The Fourth Wall
written by A.R. Gurney, directed by David Saint
at the Hasty Pudding
A.R. Gurney came to Cambridge last week seeking feedback on The Fourth Wall, his new play at the Hasty Pudding Theatre.
The Fourth Wall radically departs from Gurney's typical romantic comedy. Straying from the genre which bore such successes as The Dining Room and Love Letters, Gurney ventures into the world of the postmodern.
The play opens as Roger (Tony Roberts) and Julia (Kelly Bishop), discuss the "fourth wall."
In the world of theater, as Andre Antoine's quote states in the program, "the fourth wall is the name we give to the hypothetical wall that separates the stage from the audience in a proscenium theatre."
But, for Roger and Julia, the fourth wall is literally the fourth wall of Roger's apartment which his wife Peggy (E. Katherine Kerr) has chosen to leave absolutely bare. Disturbed by the blankness of the wall, Roger and Julia declare that they feel like they are being watched, as if they were in a play.
Gurney establishes his meta-theatrical premise and then proceeds to make the audience aware of the contrivance of his play and of the medium in general. Roger and Julia discuss how their actions contribute to the plot and talk about wanting to "have scenes" with other characters.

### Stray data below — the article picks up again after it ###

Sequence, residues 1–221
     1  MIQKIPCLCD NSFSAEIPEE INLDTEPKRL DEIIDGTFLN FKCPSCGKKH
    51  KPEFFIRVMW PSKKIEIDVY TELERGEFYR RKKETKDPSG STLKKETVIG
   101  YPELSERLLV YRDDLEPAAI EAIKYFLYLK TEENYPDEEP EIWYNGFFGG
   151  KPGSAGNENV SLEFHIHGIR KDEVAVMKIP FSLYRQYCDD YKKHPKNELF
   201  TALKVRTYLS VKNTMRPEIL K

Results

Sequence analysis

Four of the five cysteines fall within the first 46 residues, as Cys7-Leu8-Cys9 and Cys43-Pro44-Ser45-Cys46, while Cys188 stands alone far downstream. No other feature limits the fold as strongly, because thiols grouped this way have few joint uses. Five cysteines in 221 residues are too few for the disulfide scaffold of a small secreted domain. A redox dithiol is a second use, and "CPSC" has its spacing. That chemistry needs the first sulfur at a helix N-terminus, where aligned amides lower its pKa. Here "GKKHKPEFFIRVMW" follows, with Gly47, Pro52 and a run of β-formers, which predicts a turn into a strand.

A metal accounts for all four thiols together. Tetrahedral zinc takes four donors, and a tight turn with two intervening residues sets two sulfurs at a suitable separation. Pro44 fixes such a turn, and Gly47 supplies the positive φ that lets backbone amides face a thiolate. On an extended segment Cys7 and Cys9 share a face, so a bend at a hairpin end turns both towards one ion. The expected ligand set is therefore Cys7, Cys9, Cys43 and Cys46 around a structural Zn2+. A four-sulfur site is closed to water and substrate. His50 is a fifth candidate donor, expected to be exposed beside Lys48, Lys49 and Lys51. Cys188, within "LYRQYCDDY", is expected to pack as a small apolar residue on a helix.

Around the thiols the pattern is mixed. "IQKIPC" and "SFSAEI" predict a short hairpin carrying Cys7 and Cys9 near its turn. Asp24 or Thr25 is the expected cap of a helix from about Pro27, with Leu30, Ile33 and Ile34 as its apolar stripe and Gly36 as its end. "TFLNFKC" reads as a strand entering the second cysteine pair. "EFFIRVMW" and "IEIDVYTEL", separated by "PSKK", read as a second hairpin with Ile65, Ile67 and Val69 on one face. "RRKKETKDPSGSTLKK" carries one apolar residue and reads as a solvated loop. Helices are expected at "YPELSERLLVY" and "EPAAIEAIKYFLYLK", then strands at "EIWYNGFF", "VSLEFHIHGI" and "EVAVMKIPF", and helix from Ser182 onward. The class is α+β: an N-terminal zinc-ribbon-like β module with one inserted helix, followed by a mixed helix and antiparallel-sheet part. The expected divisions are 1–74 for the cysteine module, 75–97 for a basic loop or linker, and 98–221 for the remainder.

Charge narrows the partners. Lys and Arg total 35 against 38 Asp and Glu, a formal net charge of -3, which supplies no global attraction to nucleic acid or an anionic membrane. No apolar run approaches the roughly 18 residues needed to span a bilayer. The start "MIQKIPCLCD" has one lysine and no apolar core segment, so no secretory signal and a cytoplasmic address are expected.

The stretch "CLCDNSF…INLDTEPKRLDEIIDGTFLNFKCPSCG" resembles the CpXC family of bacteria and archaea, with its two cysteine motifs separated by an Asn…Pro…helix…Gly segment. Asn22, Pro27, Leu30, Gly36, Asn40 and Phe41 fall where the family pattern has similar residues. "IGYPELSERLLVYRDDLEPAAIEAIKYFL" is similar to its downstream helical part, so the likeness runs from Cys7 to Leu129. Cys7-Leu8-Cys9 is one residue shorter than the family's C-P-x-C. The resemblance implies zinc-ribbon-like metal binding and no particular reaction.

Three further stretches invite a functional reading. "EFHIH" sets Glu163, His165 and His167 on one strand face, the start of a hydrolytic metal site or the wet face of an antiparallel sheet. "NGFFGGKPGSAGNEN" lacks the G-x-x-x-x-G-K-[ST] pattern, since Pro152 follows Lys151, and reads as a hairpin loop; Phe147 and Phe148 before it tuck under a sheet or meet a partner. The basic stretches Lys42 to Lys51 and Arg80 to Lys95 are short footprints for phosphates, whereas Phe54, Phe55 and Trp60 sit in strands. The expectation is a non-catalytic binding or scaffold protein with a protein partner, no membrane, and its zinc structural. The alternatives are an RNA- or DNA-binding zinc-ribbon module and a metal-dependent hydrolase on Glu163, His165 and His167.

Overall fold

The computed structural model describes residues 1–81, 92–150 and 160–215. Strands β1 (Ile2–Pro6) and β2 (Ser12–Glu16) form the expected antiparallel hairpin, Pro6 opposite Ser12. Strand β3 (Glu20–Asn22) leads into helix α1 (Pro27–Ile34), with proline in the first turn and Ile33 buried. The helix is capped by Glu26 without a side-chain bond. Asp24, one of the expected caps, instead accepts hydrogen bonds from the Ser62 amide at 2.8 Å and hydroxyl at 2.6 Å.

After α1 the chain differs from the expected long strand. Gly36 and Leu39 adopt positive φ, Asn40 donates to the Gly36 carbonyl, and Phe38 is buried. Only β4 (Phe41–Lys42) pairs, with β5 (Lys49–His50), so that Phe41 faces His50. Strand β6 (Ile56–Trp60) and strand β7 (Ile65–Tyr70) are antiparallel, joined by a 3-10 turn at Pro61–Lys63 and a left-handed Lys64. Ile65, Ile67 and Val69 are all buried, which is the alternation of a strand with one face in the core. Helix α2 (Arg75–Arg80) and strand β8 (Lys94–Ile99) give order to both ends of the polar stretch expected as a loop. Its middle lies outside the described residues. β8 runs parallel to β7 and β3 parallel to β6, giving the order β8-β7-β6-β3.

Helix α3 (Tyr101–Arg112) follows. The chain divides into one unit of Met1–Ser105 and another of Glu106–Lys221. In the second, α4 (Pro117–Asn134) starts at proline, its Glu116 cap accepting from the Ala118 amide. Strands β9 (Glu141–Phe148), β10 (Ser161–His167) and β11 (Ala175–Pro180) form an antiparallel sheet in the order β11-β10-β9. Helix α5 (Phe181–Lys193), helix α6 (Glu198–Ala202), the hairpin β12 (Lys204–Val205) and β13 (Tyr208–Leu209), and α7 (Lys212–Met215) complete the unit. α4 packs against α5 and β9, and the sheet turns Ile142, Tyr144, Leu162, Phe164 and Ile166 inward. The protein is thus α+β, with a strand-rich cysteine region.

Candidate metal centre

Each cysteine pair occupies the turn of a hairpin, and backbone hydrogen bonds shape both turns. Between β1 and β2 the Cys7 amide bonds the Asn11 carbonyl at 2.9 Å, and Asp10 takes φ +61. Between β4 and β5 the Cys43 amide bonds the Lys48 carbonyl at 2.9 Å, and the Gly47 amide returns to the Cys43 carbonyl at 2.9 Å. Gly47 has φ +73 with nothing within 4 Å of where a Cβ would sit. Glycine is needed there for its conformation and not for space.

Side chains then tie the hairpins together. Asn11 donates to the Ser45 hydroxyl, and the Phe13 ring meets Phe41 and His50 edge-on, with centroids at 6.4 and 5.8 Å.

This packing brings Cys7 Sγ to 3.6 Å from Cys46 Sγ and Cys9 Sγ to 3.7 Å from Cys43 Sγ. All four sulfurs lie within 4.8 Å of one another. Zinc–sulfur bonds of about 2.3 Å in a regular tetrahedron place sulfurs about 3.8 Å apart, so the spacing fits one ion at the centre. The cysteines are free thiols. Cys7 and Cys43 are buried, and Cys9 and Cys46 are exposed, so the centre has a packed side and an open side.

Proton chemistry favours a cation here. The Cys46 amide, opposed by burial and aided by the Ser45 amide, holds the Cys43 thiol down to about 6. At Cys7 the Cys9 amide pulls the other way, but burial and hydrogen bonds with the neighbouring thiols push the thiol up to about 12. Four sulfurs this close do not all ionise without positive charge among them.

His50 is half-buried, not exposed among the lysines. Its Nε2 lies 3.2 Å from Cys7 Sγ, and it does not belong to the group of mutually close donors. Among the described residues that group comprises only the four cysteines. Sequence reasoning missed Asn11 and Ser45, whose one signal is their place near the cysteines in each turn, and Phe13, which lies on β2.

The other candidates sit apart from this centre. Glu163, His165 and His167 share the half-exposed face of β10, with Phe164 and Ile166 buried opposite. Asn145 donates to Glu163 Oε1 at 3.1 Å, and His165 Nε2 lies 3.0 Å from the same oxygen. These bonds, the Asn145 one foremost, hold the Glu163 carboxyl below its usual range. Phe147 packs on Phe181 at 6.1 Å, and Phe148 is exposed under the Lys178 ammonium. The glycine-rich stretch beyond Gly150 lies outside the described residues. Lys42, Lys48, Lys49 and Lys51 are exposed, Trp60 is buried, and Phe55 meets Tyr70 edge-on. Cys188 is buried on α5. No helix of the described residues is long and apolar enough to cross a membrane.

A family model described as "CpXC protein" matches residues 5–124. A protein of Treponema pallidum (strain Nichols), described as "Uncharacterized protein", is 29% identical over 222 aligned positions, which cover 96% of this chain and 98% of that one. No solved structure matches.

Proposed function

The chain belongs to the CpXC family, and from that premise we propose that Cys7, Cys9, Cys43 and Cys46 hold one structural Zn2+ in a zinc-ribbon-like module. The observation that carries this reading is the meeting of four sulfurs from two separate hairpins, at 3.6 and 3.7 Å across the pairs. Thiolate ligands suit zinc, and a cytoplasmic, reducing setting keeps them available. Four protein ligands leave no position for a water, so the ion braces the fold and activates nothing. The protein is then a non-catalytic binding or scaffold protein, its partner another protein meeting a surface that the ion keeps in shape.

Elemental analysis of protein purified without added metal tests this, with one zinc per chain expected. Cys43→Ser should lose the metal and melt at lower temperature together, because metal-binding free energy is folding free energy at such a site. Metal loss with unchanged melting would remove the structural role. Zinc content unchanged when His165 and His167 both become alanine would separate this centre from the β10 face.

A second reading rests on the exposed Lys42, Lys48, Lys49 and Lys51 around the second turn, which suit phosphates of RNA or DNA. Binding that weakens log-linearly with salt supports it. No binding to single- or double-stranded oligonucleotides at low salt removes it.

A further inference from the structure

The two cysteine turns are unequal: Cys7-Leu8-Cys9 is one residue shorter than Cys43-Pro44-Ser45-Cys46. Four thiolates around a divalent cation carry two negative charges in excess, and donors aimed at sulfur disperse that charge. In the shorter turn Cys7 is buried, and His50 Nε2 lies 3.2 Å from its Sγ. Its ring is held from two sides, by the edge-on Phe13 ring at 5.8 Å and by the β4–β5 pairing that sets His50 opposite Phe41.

In order to understand in what direction their "play" is going, Peggy and Roger call in Floyd, a theater professor from NYU.
Floyd, played masterfully by Jack Gilpin, is a caricature of an academic. He lives through the plays he studies. Despite his impressive knowledge of drama, Floyd's inability to be part of the adult world is clear when he announces shamefully that he still wets his bed.
The introduction of the pretentious bedwetter has interesting possibilities, but the play runs dry. The idea of characters figuring out their own play has been done before.
Like Beckett's "Waiting for Godot," the play consists of far more waiting than plot. When Julia says, "We've been sitting here for 20 minutes and we haven't got to the plot," she could not have read the audience's mind better.
Gurney strives to keep the audience entertained through his trademark witty dialogue, and often succeeds. When Julia begins a story, "I have a friend....," Floyd cuts her off in a snotty voice, "I seriously doubt that."
Gurney also uses Cole Porter songs in an effort to keep the play moving. However wonderful the songs may be, they do not fit well with the rest of the play. Although each final note evoked applause from the audience, the songs detract from the cohesiveness of "The Fourth Wall."
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